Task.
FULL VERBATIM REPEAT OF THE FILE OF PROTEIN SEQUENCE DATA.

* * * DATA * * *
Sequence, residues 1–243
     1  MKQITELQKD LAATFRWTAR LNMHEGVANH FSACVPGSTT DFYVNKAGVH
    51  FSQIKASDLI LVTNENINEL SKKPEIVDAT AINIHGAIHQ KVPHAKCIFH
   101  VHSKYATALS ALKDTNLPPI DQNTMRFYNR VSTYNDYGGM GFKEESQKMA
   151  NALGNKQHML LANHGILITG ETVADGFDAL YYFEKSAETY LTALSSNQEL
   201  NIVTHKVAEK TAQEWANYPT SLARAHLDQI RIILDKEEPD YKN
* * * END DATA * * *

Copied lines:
Sequence, residues 1–243
     1  MKQITELQKD LAATFRWTAR LNMHEGVANH FSACVPGSTT DFYVNKAGVH
    51  FSQIKASDLI LVTNENINEL SKKPEIVDAT AINIHGAIHQ KVPHAKCIFH
   101  VHSKYATALS ALKDTNLPPI DQNTMRFYNR VSTYNDYGGM GFKEESQKMA
   151  NALGNKQHML LANHGILITG ETVADGFDAL YYFEKSAETY LTALSSNQEL
   201  NIVTHKVAEK TAQEWANYPT SLARAHLDQI RIILDKEEPD YKN